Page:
(Montreal) Renewable energies, produced by wind turbines in particular, will allow the Inuit to free themselves from fossil fuels, thanks to a partnership between Hydro-Québec and Énergies Tarquti.
Posted at 1:28 pm
Sophie Brochu, president and CEO of Hydro-Québec, called the partnership “historic” during the announcement Monday at the Maison du développement Permanent in Montreal.
Mrs. explained.I Brochu, noting that “more and more communities now want to become full partners in the business decisions, investments, and operations that matter to them.”
The CEO of Hydro-Québec said she was “extremely proud” of the agreement and explained that “this is how we must operate in the future.”
The word “pride” was given by Inuit activist Sheila Wat Cloutier, who attended the event. “This project will create jobs, but also a lot of pride, especially among the youth in the community.”
She noted how the culture and health of northern communities are affected by climate change, and that the partial deregulation of fossil fuels has given her “a lot of hope.”
Wind energy will replace diesel
Many Nunavik communities still primarily use diesel to generate electricity, but this agreement will allow Nunavik Inuit to create their own “renewable energy projects that respect the environment and Nunavimut values,” according to Energiz Tarkuti.
Hydro-Québec currently operates about 20 thermal power plants to supply electricity to remote communities that cannot be connected to the main grid. These plants account for less than 1% of Hydro-Quebec’s production, but are responsible for about 43% of greenhouse gas emissions, according to Crown.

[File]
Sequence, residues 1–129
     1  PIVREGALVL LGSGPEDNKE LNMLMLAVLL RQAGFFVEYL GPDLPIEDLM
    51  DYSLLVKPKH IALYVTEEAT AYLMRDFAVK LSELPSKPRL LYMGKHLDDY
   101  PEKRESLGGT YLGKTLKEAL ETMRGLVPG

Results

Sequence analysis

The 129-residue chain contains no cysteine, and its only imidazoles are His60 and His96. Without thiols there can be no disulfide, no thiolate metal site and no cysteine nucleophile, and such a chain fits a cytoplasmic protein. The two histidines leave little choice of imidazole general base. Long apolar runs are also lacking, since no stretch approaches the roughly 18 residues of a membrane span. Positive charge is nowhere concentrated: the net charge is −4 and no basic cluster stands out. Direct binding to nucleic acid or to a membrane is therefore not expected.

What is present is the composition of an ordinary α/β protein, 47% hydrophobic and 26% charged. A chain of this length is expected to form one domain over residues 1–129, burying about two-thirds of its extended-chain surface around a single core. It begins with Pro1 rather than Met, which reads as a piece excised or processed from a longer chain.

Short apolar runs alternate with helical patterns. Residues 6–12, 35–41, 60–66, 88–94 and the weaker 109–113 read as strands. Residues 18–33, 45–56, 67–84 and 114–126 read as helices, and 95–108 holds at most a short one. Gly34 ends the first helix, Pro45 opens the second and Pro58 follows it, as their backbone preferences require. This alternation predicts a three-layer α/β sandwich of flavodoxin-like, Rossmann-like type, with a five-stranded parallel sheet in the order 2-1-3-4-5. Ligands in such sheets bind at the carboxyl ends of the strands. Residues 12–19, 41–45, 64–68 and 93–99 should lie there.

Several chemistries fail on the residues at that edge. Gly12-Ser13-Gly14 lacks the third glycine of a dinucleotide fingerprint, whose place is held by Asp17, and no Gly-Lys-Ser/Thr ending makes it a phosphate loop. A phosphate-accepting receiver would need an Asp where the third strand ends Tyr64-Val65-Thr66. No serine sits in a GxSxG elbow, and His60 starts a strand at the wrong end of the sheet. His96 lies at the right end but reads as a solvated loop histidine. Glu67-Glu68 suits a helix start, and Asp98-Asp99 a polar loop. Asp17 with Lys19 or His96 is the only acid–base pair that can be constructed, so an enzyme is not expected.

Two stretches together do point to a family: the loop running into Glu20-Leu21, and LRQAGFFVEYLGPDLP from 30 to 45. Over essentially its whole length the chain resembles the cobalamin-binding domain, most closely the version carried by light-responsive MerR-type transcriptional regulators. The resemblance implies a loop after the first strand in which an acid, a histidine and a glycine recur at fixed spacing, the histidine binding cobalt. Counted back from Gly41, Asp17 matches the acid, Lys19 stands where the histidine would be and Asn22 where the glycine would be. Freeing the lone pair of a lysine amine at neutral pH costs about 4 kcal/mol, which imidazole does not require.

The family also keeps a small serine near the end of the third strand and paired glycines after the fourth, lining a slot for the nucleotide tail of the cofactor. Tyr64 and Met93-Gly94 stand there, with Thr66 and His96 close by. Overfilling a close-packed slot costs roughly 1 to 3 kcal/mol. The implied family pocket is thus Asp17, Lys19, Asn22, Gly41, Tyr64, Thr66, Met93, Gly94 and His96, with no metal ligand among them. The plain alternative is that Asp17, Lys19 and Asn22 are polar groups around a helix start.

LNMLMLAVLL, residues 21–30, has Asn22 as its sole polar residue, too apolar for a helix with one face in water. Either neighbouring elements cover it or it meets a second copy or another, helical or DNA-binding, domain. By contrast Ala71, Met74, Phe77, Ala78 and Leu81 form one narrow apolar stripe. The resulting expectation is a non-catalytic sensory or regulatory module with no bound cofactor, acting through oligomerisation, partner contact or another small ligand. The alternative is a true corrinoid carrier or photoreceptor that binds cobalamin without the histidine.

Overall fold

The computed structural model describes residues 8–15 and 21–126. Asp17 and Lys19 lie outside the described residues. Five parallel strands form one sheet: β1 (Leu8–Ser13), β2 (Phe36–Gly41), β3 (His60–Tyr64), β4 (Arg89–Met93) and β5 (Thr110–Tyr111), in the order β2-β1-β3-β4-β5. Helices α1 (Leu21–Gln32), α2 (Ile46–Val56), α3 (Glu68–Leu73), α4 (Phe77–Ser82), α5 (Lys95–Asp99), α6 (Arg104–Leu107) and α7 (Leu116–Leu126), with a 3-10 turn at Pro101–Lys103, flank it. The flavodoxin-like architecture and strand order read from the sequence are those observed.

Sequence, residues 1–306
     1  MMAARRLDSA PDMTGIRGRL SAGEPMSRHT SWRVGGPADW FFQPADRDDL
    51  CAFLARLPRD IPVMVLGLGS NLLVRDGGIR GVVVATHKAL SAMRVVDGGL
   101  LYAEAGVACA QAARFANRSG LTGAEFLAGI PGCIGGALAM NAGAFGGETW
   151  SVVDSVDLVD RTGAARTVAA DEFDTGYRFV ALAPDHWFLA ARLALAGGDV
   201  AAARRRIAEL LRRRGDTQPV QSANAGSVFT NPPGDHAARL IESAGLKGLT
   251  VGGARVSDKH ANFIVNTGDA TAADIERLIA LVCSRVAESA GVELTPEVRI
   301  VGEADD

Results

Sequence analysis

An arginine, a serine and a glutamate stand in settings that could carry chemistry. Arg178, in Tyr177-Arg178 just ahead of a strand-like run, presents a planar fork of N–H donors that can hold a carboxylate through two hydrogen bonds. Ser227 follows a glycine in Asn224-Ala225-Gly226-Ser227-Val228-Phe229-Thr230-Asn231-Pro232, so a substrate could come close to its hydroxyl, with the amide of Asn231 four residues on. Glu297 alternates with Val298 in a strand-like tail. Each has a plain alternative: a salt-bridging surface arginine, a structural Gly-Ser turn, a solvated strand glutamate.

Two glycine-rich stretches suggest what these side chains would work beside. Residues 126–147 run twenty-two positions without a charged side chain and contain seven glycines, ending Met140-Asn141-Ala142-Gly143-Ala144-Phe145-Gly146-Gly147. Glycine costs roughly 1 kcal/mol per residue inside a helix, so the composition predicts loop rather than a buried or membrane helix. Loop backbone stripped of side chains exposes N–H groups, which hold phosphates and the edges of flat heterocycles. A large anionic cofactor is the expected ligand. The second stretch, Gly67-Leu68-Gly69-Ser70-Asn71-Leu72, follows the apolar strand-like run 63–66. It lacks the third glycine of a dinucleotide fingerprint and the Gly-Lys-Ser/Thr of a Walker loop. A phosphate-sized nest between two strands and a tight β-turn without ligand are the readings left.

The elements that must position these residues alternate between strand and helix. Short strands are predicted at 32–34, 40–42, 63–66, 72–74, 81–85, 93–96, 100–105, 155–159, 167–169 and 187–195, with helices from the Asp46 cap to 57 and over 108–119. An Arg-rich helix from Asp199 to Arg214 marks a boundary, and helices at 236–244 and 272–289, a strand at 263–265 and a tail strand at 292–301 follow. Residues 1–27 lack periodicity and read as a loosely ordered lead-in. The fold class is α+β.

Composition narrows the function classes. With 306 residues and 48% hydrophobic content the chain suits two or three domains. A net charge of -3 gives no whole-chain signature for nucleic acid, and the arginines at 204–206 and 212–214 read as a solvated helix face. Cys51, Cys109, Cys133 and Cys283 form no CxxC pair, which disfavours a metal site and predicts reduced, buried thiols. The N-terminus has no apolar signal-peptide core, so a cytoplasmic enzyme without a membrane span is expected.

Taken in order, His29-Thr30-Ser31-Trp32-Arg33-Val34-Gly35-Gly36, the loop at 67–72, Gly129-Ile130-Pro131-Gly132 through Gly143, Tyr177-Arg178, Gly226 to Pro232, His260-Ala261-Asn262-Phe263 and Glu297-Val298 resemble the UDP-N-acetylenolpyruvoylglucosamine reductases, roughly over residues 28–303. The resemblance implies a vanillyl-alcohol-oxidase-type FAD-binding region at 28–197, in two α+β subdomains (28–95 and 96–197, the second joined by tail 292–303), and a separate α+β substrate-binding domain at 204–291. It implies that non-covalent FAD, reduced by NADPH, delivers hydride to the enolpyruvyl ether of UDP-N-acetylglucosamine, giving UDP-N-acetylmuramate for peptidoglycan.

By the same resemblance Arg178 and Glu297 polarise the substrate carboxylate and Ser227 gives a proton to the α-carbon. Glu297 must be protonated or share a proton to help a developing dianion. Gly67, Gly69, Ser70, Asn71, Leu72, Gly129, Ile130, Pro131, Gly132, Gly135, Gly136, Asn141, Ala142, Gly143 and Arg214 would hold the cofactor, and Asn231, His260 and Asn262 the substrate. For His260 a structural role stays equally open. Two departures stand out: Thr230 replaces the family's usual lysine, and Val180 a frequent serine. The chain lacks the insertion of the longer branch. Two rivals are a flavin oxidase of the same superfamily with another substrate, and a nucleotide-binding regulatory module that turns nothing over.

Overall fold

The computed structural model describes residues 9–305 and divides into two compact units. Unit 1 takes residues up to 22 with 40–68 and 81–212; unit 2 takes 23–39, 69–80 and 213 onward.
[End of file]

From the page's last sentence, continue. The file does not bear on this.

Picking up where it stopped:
Regarding the new agreement, Sophie Brochu does not have a specific timeline, and she explained that “it is the communities that will really set the pace.” However, Hydro-Québec wants to convert all of its off-grid grids to 80% renewable supply by 2030.
“We will give them our support and expertise throughout the journey,” El-Sayed said.I Published.
Marie Johannes, President of Ilagiisaq, a Tarquti contributor, noted that “there is no doubt that Hydro-Québec’s openness and willingness to listen played a key role in concluding this historic agreement.”
12 of 14 communities
About 13,000 people live in Nunavik, which is divided into 14 communities.
“The agreement reached with Hydro-Québec covers 12 of the 14 Inuit communities in Nunavík,” explained Joé Lance, General Manager of Énergies Tarquti.
“Those that are not included are Inukjuak and Kuujjuarapik-Whapmagootsui. On the other hand, nothing prevents us from developing projects also in these communities,” he said.
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